How to Get an Endometriosis Diagnosis

Across the globe, there is a delay of between seven and nine years for endometriosis diagnosis. Endometriosis is an often painful inflammatory disease in which tissue similar to the endometrium (the tissue that lines the uterus) grows elsewhere in the body. Both patients and researchers agree that the road to endometriosis diagnosis is rife with barriers and potential misdiagnoses.

Receiving an endometriosis diagnosis is essential whether you are symptomatic or asymptomatic. Diagnostic delays can lead to physical complications like infertility, poor quality of life, mental health, and financial impacts.

In this article, learn more about how to get an endometriosis diagnosis.

Woman looking at documents in a clinic

Zorica Nastasic / Getty Images

How Do Healthcare Providers Usually Diagnose Endometriosis?

The gold standard for endometriosis diagnosis is a laparoscopic excision surgery, with confirmation via histopathology (looking at the tissue under a microscope).

During surgery, the surgeon cuts out suspected endometriosis lesions and sends the tissue to a pathologist who looks at it under a microscope to confirm whether it is endometriosis or not.

If you suspect you have endometriosis, consider these steps:

  • Keep a symptom log: Write a daily note recording any symptoms and how they impacted your ability to engage in everyday tasks. Healthcare providers often look for objective information, so consider rating your pain and other symptoms on a scale of 1–10 and recording symptom location and adjectives describing the sensation.
  • Advocate for yourself: Women's pain has historically been dismissed. Research on individuals with endometriosis reveals that pre-diagnosis, healthcare providers often told them their pain was "normal" or to "tough it out." It is important to advocate for yourself to your healthcare provider about the severity of your symptoms and how they impact your life. Consider writing down notes before your appointment to aid in this difficult conversation.
  • Bring a patient advocate: Another way to advocate for yourself is to bring along a trusted person, such as a parent, partner, friend, or even a board-certified patient advocate who can speak to how your symptoms impact you.
  • Learn your family history: Endometriosis runs in families. Before your appointment, ask your family and note anyone else diagnosed with endometriosis, experienced infertility, or has endometriosis symptoms.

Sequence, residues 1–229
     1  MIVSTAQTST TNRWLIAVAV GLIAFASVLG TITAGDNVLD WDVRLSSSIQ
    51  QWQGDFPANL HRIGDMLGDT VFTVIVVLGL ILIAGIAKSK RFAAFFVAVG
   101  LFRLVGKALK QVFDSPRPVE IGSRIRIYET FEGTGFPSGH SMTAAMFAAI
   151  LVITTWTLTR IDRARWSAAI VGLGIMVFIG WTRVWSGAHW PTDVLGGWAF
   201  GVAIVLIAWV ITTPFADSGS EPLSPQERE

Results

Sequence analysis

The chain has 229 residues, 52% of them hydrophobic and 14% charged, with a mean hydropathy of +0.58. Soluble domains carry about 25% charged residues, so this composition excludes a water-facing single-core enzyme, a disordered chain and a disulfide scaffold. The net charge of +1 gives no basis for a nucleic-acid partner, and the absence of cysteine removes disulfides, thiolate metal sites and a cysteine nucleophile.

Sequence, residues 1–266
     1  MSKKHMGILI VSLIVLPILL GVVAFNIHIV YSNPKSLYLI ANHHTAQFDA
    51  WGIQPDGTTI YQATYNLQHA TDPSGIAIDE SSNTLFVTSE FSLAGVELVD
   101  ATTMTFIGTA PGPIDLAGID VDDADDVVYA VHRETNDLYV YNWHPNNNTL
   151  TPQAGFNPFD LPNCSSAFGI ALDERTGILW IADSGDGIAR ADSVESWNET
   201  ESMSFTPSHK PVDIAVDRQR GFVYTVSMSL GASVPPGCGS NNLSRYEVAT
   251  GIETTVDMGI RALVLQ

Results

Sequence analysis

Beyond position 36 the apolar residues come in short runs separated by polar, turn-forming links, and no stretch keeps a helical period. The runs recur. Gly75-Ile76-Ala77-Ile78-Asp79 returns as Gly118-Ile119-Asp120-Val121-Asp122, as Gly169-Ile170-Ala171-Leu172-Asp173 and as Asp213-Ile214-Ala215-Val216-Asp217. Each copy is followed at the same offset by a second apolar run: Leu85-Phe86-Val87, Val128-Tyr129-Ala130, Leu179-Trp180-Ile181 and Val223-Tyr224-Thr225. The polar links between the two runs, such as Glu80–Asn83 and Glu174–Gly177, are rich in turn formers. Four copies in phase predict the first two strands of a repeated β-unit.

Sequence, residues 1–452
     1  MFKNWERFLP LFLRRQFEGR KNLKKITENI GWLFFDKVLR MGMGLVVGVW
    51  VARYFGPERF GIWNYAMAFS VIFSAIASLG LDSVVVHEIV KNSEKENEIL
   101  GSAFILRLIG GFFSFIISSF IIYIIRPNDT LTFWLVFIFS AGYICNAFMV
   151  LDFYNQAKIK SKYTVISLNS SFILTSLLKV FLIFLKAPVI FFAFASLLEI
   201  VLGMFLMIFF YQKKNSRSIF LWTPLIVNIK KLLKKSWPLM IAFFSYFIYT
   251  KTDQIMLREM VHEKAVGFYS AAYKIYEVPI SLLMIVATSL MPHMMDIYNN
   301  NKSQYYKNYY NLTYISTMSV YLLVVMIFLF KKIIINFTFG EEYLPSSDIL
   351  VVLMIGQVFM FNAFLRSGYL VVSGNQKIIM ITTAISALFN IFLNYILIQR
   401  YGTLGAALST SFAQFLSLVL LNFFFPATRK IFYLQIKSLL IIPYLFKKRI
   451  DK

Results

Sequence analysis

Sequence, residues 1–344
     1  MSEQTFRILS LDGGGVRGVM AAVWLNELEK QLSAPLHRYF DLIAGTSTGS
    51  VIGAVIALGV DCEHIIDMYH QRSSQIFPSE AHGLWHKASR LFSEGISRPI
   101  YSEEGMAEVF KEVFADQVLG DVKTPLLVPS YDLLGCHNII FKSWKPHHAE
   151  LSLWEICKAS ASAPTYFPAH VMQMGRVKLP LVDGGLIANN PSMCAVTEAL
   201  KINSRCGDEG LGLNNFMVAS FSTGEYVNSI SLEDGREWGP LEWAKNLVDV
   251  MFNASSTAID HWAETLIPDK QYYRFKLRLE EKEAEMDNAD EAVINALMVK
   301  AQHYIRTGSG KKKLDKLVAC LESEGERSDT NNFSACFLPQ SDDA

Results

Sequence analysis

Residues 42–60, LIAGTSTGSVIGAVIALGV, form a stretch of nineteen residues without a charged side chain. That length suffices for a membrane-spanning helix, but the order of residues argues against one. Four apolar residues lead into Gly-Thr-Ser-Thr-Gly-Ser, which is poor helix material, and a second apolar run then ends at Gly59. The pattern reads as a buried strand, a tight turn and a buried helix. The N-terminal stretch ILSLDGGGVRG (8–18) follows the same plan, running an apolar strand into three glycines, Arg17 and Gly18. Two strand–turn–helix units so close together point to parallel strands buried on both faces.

These steps may help you feel more comfortable and confident when approaching your healthcare provider to seek an endometriosis diagnosis. It is also always OK to seek a second (or third) opinion.

Possible Warning Signs of Endometriosis

Stay alert to possible warning signs of endometriosis.

Some endometriosis warning signs include:

  • Pelvic pain
  • Abdominal pain
  • Painful periods
  • Painful bowel movements
  • Abdominal bloating
  • Pain radiating down legs
  • Painful urination
  • Painful sex
  • Constipation and/or diarrhea
  • Infertility

What Does Endometriosis Feel Like?

Everyone experiences endometriosis symptoms differently. Some people have gastrointestinal symptoms, like constipation and "endo belly" (bloating). Others have painful periods, whereas others may have endometriosis pain all month. Having advanced endometriosis with no symptoms at all is also possible.

Endometriosis Questions to Ask a Healthcare Provider

If you suspect that you have endometriosis, it is important to receive care from a healthcare provider specializing in endometriosis, particularly excision surgery for endometriosis.

Many gynecologists can perform endometriosis surgery, but not every gynecologist is an endometriosis expert in endometriosis expert. Most perform a procedure called ablation, in which they burn the surfaces of suspected endometriosis lesions, leaving behind underlying tissue and not allowing for diagnosis by a pathologist.

Research has also found that one year after surgery, those who had excision surgery had significantly improved menstrual pain, painful bowel movements, and chronic pelvic pain compared to those who had ablation surgery.

Some questions to ask your potential endometriosis surgeon include the following:

  • Do you recommend a surgical diagnosis, imaging, medical suppression, or something else?
  • How often do you perform endometriosis surgery?
  • Is your practice dedicated solely to endometriosis care?
  • Do you collaborate with a colorectal surgeon or any other specialty surgeon?
  • Do you use the excision or ablation technique, or both?
  • Will you send tissue samples to a pathologist for diagnosis?
  • What experience do you have with endometriosis outside the pelvis (diaphragmatic, thoracic)?
  • Are you skilled in excising endometriosis, no matter the location?
  • Are there situations in which you would leave endometriosis behind?
  • What methods do you use to prevent adhesions (scar formation) from surgery?
  • What do surgery preparation and recovery entail?
  • What is the recurrence rate of endometriosis, or repeat surgery rate, in your practice?
  • Are there potential complications I should be aware of?